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Work-from-home scenarios represent only net positive for 3D printer shipments otherwise heavily impacted by the pandemic

V-shaped recovery expected for shipments of Personal 3D printer shipments; longer recovery anticipated for Industrial and Design printers; shipments of Professional 3D printers continue to climb.

As anticipated, regional quarantines have taken their toll on much of the 3D printer industry, according to latest market insights by technology market research firm CONTEXT.  

Shipments of printer hardware in the high-revenue Design* and Industrial* price classes were significantly down from last year during the first quarter, mostly because of reduced demand from key vertical end-markets where operations have been paused. Conversely, shipments of Professional* printers fared much better, thanks both to strong end-market demand and little disruption from its own supply base. The top vendors of Professional printers are less reliant on OEM production in China or from components sourced from the region so were not hampered by supply-chain interruptions. This, along with continuing high demand, led to shipments in this price class increasing by +12% compared to a year ago.

While the non-kit Personal* market has struggled of late, demand for these products also increased in the quarter as hobbyists look for a way to fill their time while sequestered at home or produce PPE to support their community’s battle against the virus. However, much of this demand remained unmet in Q1 2020 because many entry-level printers include components from, or are entirely produced in, China.

With Chinese factories largely closed, production was simply not possible and unit shipments were down by -38% on Q1 2019 according to CONTEXT. The rising kits market was even harder hit by these supply-chain issues, and some saw shipments fall by as much as -75% on the previous year. Although industry in China has bounced back, and preliminary reports project a production surge, this only impacts the lowest-end products and many vendors of higher-end Design and Industrial printers are actually expecting the second quarter of the year to have been more difficult than the first because their end-markets have been severely impacted by fallout from the pandemic.

Industrial price class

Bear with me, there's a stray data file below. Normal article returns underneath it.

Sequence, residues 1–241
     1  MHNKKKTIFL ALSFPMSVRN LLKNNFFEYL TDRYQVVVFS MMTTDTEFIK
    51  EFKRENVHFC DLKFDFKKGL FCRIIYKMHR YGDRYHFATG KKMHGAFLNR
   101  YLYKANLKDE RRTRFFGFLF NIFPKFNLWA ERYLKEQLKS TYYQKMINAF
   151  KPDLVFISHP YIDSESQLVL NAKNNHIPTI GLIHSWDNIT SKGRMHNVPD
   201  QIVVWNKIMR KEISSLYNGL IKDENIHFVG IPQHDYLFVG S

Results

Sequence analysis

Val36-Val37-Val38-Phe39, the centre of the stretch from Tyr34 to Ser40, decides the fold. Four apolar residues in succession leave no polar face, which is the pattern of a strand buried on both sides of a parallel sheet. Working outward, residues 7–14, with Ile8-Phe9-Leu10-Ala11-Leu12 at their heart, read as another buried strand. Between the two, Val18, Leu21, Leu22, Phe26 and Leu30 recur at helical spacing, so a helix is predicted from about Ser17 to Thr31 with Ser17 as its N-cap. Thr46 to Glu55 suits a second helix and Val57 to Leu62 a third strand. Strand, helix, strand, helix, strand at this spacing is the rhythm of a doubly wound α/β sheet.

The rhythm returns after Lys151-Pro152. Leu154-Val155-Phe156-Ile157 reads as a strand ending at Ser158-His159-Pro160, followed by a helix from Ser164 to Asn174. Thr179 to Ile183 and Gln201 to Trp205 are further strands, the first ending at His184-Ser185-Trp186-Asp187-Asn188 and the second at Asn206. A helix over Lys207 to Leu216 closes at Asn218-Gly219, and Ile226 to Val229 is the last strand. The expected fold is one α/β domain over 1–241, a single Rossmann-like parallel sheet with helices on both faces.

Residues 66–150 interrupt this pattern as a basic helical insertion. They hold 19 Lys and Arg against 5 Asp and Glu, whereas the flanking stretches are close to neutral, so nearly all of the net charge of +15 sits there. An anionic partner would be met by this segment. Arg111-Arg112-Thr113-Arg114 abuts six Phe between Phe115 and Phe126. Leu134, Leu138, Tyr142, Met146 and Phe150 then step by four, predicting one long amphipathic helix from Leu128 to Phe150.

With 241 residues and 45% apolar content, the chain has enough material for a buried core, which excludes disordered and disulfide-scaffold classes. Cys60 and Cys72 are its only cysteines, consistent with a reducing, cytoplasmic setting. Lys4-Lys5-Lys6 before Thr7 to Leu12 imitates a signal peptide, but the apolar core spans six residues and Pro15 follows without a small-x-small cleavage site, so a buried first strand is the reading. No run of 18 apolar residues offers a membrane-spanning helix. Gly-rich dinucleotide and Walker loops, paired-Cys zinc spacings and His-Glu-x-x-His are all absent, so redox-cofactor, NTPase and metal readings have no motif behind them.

Accounting for 68% of global 3D printer hardware revenues in 2019, the Industrial price class faced challenges in sectors such as automotive and general manufacturing in H2 2019 – so it was already fighting headwinds at the start of 2020. While rolling business shutdowns began in the East and did not affect the West until the end of Q1 2020, shipments of higher-priced products are often concentrated toward the end of the quarter and lockdowns therefore affected global figures for the period as a whole. Customers in many key end-markets – including automotive, aerospace, dental, healthcare, consumer products, movie props and education – were effectively closed down and/or immediately and severely cut back their near-term capital expenditure. While initial expectations were that Chinese companies selling domestically would be the most severely affected in the first quarter, the impact was felt by almost every major printer company. Companies including industry leaders 3D Systems, Stratasys, EOS, UnionTech, HP and GE saw double-digit declines on the previous year’s global shipments. There were also logistical issues: service and sales personnel could not travel either internationally or domestically to help with final installations. New printer shipments in this class dropped -30% from Q1 2019. However, business complications associated with the global reaction to the pandemic were not uniform and there were a few bright spots. Some vendors selling $1M+ printers – which typically have long lead times – reported shipment increases based on opportunities booked last year.

Design price class

Key end-markets for this type of printer, such as jewellery and dental businesses, were all but shut down across the globe, severely impacting demand for new machines. This class of printer is used for prototyping in many industries but, in the face of uncertainty around work stoppages, many companies quickly halted research and development activities and the purchase of expensive equipment to use for such tasks was put on hold. This resulted in -37% fewer Design printers shipping in Q1 2020 than in the same period of the previous year.